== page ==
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BCCI should learn a lesson from Cricket Australia and ECB

The BCCI has much to learn from the English and Australian cricket boards © Getty Images

By Nishad Pai Vaidya

Eden Gardens symbolizes Indian cricket in much the way the Eiffell Tower symbolizes France or the Pyramids symbolizes Egypt.

The craze and passion for the sport in India is visible when 90,000 plus fans watch cricket in the humungous arena. However, the ground hasn’t hosted matches as frequently as it should be in last few years. It also lost out on the India-England World Cup game. It retained its other fixtures of the tournament – all of them involve the minnows. The huge arena will be relatively quite compared to the times it overflowing with emotion when India is playing.

The fact that the Eden Gardens is just hosting the minnow games not only signifies the delay in getting it completed but also a problem with the choice of venues. India is known to have a rotational policy in the allotment of games to stadiums. This rotational policy not only applies to the allotment of ODIs but also to Tests. When Test matches are held at the smaller centers we do not see the crowds coming in.

Let us take the example of the India-Australia Test series held last year. The first Test at Mohali was a thriller, but the stadium was filled no where to its capacity. Even as India closed in on a famous win, the attendance was disappointing.

Compared to that, the second Test at Bangalore was attended by a huge crowd and they witnessed Sachin Tendulkar taking India to a fantastic 2-0 clean sweep of the Aussies. When New Zealand toured after the series against Australia, they played their Test matches at Ahmedabad, Hyderabad and Nagpur. Only the Hyderabad Test match saw crowds coming in strength, but the other two Tests were played in front of near-empty stands.

The fact that the crowds do not come to watch Test matches at the relatively smaller centres should be a signal to the board to review its scheduling policy. Many times we see Test matches being played in venues such as Ahmedabad, Mohali, and Nagpur with minimal attendance. Whereas the Test matches played in Mumbai, Kolkata, Chennai, Bangalore and Delhi attract a lot of spectators.

Why have the rotational policy when some venues do not attract crowds for Test matches? The BCCI can take a cue from Cricket Australia, which schedules most of their Test matches in their main centres. They experimented with Darwin and Cairns to increase the popularity of the sport in the smaller centres, but it did not work.

Hence, the two grounds haven’t hosted Test matches since 2004. Hobart is another venue that doesn’t attract too many spectators for Test matches and thus not many games are scheduled there. It is just once in a while that we see a Test match being played at Hobart. An Australian summer generally finds two teams touring and they play their Test matches at the major centres – Brisbane, Sydney, Melbourne, Adelaide and Perth.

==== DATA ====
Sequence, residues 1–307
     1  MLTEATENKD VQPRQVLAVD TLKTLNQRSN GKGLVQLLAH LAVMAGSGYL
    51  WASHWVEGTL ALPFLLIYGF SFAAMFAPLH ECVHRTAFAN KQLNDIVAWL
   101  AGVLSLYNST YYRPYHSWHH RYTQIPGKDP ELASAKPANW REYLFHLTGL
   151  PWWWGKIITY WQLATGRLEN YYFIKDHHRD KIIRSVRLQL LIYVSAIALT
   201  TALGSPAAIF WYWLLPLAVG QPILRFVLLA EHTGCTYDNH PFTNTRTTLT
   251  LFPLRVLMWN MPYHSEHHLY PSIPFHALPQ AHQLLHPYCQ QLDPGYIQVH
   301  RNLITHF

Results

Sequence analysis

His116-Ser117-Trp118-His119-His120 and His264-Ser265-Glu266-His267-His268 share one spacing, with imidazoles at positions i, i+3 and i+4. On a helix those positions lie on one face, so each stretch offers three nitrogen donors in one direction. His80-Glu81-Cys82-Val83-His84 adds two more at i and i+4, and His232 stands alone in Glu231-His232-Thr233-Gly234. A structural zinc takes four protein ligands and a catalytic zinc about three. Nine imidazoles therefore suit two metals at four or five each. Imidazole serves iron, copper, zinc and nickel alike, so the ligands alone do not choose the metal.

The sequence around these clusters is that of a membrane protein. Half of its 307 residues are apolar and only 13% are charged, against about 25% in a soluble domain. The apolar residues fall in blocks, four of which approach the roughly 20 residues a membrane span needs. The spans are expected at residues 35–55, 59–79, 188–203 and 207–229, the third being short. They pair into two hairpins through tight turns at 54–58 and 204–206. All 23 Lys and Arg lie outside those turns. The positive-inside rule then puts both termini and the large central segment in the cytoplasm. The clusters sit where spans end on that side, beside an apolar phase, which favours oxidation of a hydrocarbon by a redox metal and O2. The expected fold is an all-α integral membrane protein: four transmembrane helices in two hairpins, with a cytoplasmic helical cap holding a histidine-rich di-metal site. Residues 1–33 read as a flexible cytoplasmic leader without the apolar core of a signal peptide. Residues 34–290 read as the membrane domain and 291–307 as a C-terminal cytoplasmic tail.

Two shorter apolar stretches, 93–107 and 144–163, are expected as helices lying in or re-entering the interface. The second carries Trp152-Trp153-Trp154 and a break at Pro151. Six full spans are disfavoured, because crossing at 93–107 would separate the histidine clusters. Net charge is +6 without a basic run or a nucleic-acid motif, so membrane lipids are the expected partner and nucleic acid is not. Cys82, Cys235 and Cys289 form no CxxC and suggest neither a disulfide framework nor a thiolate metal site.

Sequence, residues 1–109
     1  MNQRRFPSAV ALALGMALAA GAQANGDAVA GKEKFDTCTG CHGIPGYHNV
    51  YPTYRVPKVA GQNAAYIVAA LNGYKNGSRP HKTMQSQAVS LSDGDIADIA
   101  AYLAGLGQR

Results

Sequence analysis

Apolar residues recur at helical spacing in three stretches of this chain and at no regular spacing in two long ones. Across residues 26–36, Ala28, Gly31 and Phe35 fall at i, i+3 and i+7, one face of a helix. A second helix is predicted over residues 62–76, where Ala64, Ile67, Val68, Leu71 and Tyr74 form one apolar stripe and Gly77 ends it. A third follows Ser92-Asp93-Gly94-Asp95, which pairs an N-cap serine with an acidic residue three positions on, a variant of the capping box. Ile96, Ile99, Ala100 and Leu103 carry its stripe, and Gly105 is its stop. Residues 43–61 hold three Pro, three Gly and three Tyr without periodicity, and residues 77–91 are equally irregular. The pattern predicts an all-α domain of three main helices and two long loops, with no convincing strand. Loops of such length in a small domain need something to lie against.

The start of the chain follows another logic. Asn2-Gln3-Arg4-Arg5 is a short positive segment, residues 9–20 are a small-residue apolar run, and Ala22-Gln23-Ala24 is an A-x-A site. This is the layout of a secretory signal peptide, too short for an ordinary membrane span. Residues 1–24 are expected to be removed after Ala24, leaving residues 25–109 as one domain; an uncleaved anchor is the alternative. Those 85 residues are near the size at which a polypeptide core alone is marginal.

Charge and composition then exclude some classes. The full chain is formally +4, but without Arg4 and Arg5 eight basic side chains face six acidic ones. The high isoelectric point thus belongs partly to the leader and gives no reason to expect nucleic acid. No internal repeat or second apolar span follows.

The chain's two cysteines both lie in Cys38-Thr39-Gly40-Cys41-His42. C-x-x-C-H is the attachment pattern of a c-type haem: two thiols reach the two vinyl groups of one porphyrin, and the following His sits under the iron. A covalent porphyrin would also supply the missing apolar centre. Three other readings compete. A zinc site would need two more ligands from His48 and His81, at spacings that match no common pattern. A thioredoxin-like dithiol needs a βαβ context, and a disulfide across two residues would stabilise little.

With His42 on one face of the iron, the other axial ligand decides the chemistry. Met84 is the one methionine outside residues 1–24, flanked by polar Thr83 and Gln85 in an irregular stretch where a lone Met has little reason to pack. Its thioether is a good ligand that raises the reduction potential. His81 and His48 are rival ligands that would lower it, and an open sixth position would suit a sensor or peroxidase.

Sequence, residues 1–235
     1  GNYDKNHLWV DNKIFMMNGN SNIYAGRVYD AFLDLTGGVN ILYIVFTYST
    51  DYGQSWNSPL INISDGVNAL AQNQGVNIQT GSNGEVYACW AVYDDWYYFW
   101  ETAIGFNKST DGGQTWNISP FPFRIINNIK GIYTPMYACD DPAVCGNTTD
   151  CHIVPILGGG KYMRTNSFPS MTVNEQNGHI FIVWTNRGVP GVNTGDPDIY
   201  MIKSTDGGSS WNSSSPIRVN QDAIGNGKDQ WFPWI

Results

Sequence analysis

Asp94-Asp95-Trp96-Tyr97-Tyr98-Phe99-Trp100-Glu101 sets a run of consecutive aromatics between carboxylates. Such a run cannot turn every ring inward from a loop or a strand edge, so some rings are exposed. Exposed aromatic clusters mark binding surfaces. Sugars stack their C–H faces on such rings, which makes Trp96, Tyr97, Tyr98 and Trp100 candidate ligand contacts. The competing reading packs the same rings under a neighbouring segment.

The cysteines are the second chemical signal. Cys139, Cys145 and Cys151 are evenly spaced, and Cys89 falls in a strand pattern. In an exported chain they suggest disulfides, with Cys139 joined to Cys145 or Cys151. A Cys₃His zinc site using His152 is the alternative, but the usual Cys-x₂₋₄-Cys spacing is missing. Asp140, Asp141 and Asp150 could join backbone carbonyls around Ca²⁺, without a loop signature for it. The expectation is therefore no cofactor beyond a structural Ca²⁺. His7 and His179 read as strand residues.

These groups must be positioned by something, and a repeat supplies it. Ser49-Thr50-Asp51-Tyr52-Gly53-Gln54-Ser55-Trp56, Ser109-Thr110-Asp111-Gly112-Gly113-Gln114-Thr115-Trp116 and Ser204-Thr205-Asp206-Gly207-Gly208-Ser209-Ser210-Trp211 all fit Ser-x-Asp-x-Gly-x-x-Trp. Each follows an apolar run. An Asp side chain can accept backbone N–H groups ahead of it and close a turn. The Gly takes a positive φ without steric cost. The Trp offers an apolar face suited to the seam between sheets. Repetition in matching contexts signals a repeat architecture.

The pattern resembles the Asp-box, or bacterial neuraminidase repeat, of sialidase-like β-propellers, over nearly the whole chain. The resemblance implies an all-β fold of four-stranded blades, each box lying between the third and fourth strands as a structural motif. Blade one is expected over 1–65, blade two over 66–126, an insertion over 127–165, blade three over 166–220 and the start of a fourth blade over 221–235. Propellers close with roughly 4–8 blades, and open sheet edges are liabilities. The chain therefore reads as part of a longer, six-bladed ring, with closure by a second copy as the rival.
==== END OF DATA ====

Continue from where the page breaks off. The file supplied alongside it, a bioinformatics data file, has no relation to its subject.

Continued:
The England & Wales Cricket Board (ECB) also maintains a policy whereby each touring team plays a Test match at their home of cricket – Lord’s.

Lords, The Oval, Nottingham, Manchester and Leeds are regular venues for England’s Test matches. Chester-le-Street and Cardiff are the smaller centres and do not host Test matches on a regular basis.

The BCCI has much to learn from the English and Australian cricket boards. They shouldn’t designate the major venues as special. Venues such as Bangalore, Mumbai, Kolkata, Chennai and Delhi should be given the status of Tier One venues. These venues should host most of the Test matches. What helps most of these venues draw crowd is the fact that they are in the heart of their respective cities. Thus, after lunch or even when there is a brilliant passage of play, people flood in from the nearby offices and residential areas.

The small remainder of the Test matches can be spread out amongst the smaller centres such as Hyderabad, Mohali, Ahmedabad, Nagpur and Kanpur. The stadiums of these cities are pretty much on the outskirts and hence not many people are enthusiastic to travel all the way to watch a Test match.

On most occasions a team tours India for a three-match Test series. Out of the three Test matches, only one is generally played at any of the major centres. I think that the BCCI should reconsider this policy and should host at least two of the three Test matches at the major venues. One Test match can be held at any of the smaller venues so that the Test match enthusiasts of such cities are not starved of the opportunities to witness the longest format.

It will keep Tests alive as the matches at the major venues attract huge crowds. It will also help build a stronger Test match culture in such venues as we see in England and Australia. The players would also get the feel of the atmosphere which won’t be restricted to ODIs and T20s but also Test matches.

Many players dream of playing Test cricket at a ground like the Eden Gardens. The almost empty stands during this World Cup at the Eden Gardens indicate a much larger issue than the punctual completion of work. This issue needs to be addressed to ensure the passion for Test match cricket lives on.

(Nishad Pai Vaidya, a 20-year-old law student, is a club and college-level cricketer. His teachers always complain, “He knows the stats and facts of cricket more than the subjects we teach him.”) 

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